“Why do designers like to waste space?”

One of the most common lines of feedback I receive is, “Can you make it bigger to get rid of the white space?” I'm a “Less is More” kind of person. I love using white space.

White space, or negative space, is any area of a page design that is intentionally left blank. That word “intentionally” is important to note. We're not being lazy, careless, or wasteful. White space has a purpose, too.

From a business perspective, you pay for the ad space and want to make the most of it. From a design perspective, white space is a tool, just like imagery and copy. Think about the context of a magazine ad, for example. You're flipping through a magazine. Every page is filled with columns of text and photos, all packed into a tight grid. Then you notice a page that's almost bare, and you stop. The lack of content gets your attention. That space gives you visual relief. It conveys a message of stability and precision. It's a haven from the visual over-stimulation throughout the rest of the publication.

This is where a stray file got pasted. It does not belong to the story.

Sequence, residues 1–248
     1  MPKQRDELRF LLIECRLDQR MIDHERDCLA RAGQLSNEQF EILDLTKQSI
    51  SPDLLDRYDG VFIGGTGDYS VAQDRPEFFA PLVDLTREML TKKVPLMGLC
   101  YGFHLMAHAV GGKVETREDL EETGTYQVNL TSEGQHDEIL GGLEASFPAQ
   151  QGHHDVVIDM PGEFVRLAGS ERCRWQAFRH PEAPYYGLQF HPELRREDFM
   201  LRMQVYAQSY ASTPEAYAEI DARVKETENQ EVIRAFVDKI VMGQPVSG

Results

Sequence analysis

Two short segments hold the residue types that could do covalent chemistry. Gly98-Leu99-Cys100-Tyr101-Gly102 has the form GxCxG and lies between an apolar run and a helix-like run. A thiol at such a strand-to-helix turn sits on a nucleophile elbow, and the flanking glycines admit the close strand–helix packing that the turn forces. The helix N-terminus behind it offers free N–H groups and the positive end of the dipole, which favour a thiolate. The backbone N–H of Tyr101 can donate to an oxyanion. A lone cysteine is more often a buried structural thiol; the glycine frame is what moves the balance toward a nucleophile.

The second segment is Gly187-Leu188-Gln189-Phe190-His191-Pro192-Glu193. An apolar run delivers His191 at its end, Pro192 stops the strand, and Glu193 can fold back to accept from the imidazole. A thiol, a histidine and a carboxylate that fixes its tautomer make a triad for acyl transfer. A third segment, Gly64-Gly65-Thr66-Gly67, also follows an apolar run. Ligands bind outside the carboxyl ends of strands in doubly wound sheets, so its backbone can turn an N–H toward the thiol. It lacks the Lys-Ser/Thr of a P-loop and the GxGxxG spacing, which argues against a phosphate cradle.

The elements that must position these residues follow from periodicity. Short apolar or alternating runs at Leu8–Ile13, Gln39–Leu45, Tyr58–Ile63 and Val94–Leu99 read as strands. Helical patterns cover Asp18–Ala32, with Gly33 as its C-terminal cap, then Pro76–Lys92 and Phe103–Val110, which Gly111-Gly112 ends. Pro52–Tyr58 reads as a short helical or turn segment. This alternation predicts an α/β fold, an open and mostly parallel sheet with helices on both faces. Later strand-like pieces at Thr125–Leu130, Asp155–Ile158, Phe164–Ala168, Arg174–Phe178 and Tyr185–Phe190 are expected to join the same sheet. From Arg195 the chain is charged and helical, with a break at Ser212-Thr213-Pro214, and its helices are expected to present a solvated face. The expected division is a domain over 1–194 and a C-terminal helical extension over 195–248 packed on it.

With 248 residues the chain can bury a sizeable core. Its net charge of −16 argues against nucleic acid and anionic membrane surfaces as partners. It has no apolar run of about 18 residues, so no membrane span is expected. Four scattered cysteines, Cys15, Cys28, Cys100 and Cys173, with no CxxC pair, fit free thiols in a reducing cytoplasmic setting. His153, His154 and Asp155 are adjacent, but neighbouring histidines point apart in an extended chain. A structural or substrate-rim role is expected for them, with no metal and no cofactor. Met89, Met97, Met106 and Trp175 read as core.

White space might seem useless, but upon closer inspection, you'll notice it serving one of the following roles:
  • Balance. White space can balance the page while giving strength to a bold image.
  • Structure. Page grids are often visible through the white space. It establishes columns, margins, space around photos, and brings order to the page.
  • Elegance. Intentionally leaving sections of the page empty and free conveys a sense of luxury and confidence. Yes, you're paying for that space, and yet choosing not to fill it. 
  • Direction. White space gives more significance to the elements on the page, acting as a tool to strengthen the focal point(s).
  • Improved Legibility. Ample margins and proper spacing literally make the text easier on the eyes. Copy that is tight strains the eyes and creates reading difficulties. Pages with smaller margins can make text appear overwhelming, and make the audience less likely to read it at all.
In some cases, white space is purely functional. Pages need margins to prevent content from being trimmed off (for the margin-of-error in trimming). But white space can also have aesthetic power when used effectively.

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